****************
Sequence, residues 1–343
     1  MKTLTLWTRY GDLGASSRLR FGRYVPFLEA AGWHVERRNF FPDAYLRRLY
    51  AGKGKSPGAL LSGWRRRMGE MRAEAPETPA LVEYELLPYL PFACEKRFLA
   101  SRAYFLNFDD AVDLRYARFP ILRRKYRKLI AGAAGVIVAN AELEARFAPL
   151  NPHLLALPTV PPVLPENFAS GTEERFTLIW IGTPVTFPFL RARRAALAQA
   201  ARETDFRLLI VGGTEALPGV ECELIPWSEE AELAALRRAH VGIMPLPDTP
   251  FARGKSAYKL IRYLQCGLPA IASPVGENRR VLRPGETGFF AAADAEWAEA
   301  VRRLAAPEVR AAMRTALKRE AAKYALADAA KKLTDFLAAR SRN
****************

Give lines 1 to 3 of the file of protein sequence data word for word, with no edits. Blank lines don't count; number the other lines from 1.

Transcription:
Sequence, residues 1–343
     1  MKTLTLWTRY GDLGASSRLR FGRYVPFLEA AGWHVERRNF FPDAYLRRLY
    51  AGKGKSPGAL LSGWRRRMGE MRAEAPETPA LVEYELLPYL PFACEKRFLA